The increases are to be fully implemented within five years.
Under the 1998-99 budget, tuition for county residents will remain steady, but there is a $9 per credit hour increase for out-of-county students and a $15 per credit hour increase for out-of-state residents.
While in-county tuition will remain at about $1,050 per semester, out-of-county tuition will increase from about $1,500 to about $1,635 per semester and out-of-state rates will jump from about $1,980 to $2,205 per semester.
The estimations are based on a 15 credit-hour semester.
Shea said the state law is designed to make up for the large number of out-of-state and out-of-county students who do not pay local or state taxes. About 600 of HJC's 3,000 students come from Pennsylvania.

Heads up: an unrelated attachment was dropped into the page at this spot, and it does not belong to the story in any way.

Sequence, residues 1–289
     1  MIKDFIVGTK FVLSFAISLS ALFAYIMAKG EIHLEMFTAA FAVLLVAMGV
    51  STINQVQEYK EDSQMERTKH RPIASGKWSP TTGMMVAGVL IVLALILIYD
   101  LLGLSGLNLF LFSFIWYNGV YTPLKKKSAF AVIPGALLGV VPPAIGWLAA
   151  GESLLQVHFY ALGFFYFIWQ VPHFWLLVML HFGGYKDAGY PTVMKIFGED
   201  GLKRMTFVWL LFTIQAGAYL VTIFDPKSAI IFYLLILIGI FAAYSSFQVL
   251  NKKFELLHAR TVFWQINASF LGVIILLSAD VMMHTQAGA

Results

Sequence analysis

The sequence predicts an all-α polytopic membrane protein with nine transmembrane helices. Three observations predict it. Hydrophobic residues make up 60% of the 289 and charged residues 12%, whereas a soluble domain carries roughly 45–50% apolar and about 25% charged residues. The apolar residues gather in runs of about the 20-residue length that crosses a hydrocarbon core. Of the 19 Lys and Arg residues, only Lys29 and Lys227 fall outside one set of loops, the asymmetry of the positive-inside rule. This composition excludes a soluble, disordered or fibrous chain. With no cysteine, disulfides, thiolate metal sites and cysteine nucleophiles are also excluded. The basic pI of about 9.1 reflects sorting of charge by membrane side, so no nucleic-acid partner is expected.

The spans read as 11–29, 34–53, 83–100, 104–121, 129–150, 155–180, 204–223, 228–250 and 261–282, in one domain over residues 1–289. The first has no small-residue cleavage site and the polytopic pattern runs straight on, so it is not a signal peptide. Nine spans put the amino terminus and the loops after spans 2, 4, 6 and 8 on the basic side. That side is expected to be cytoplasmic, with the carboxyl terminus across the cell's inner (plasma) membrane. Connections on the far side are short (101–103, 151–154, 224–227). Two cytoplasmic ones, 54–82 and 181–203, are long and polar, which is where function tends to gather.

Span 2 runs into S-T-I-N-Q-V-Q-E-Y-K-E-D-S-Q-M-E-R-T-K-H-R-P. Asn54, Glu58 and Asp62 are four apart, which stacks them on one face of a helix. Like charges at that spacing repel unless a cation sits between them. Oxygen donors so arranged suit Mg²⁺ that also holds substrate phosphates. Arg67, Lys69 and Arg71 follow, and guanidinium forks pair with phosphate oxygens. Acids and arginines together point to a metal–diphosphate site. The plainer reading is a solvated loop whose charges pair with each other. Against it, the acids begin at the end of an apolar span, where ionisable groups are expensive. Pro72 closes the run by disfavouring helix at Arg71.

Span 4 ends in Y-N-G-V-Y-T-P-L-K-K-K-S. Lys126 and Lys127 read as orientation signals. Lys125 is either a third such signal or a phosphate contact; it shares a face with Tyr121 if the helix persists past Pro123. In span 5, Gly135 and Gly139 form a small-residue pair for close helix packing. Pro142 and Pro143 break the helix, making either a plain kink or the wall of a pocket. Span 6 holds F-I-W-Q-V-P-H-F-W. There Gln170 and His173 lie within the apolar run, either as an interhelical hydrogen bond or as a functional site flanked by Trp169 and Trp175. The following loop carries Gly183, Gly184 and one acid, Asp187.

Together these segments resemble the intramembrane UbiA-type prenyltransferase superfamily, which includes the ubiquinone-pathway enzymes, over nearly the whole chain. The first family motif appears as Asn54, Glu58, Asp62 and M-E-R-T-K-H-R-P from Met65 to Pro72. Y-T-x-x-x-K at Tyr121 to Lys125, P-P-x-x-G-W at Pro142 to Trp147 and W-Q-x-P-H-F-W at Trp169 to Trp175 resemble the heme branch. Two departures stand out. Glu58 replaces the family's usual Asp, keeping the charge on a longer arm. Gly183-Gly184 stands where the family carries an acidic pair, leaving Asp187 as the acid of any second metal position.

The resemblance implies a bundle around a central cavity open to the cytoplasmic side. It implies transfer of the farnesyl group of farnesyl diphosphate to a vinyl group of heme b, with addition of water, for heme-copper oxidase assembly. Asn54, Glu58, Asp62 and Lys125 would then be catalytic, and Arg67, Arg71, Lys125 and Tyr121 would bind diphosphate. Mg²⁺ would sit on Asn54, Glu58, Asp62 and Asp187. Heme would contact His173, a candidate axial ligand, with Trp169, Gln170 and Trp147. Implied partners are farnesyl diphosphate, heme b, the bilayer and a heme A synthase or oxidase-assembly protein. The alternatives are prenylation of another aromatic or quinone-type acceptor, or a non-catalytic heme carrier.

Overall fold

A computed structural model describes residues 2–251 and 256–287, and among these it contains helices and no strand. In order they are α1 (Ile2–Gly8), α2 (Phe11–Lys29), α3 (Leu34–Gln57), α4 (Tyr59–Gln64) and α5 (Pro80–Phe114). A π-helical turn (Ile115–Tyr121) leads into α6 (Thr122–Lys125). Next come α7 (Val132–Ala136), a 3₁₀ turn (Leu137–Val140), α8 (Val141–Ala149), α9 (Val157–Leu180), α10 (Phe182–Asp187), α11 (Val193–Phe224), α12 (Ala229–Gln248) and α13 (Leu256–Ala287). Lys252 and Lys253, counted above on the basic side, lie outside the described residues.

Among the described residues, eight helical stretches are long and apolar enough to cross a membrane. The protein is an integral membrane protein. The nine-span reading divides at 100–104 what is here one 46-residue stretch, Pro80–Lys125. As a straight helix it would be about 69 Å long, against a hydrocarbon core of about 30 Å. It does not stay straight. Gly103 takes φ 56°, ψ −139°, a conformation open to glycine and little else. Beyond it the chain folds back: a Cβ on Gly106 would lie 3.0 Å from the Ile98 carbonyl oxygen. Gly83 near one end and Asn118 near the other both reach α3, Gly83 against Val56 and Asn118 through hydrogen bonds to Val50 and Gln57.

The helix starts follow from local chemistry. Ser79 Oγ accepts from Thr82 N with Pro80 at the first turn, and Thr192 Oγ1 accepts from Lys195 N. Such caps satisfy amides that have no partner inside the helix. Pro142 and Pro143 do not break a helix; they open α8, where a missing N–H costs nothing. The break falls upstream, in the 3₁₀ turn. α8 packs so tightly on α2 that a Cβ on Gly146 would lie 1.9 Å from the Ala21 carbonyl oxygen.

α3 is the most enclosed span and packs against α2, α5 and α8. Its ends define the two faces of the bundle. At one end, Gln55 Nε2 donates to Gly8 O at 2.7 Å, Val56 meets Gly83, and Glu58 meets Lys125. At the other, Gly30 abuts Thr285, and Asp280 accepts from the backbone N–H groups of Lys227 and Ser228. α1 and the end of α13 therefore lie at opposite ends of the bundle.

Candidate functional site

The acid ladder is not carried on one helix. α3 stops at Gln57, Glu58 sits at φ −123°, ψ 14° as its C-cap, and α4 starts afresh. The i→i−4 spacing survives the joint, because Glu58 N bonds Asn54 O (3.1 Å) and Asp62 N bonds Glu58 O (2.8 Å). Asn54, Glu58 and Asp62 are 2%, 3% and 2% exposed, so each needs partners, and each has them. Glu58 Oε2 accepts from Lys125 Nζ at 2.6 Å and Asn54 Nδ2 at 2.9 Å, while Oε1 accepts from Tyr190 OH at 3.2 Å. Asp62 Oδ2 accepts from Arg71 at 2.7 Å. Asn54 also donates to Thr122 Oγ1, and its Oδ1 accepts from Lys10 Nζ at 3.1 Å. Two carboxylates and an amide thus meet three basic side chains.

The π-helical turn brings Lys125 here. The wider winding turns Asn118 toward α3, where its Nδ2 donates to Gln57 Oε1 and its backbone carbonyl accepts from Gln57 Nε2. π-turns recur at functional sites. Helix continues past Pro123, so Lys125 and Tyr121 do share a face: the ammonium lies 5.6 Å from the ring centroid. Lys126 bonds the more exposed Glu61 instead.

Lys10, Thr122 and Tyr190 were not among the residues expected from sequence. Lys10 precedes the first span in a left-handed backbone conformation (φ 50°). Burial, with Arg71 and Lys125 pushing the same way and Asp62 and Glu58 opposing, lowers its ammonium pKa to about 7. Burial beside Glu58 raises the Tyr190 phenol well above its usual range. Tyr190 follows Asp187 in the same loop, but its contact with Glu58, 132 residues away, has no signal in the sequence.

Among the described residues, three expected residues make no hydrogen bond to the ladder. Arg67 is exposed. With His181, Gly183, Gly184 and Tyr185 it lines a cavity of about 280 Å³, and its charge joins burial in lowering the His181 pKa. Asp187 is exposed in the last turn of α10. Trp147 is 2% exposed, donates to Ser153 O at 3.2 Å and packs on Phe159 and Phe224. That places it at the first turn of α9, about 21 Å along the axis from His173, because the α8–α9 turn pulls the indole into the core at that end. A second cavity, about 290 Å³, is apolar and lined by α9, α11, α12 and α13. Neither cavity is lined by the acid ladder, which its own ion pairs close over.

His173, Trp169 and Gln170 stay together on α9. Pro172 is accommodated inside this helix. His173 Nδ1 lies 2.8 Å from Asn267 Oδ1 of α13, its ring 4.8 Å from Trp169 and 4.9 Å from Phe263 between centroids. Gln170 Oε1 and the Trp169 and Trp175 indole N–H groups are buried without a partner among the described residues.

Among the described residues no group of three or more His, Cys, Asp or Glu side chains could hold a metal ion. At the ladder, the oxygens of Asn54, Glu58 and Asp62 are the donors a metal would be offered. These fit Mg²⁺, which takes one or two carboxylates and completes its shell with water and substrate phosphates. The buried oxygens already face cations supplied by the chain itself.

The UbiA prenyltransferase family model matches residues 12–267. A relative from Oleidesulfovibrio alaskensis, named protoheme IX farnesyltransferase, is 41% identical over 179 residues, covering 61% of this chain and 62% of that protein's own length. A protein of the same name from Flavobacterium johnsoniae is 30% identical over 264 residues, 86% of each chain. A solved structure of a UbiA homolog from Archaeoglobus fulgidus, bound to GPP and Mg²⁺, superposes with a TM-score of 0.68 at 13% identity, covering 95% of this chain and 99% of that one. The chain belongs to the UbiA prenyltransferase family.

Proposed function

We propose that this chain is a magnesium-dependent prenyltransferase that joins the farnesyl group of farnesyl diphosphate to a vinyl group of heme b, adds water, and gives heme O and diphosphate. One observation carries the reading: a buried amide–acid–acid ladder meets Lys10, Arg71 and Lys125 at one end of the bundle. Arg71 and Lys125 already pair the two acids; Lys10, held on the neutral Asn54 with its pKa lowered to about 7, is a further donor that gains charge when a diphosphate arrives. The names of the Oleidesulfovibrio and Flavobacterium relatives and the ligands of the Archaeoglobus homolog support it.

Shea said he believes out-of-state residents should pay more "but not three times more."
HJC officials hope that the General Assembly this session will pass legislation that would allow the school to control its tuition.
Although enrollment is up at the college, HJC officials are worried the rate increases required by the state could hurt enrollment in coming years.
The budget, which would require a $200,000 increase from the Washington County Commissioners, also includes a 3 percent salary increase for all college employees.
Shea gave the Board of Trustees an overview of the school Tuesday, showing the significant growth the school has witnessed. In the last decade, the budget has grown from $5 million to $13.6 million and capital improvements have totaled $34 million.
"It's important we remember the distance this college has come," Shea said.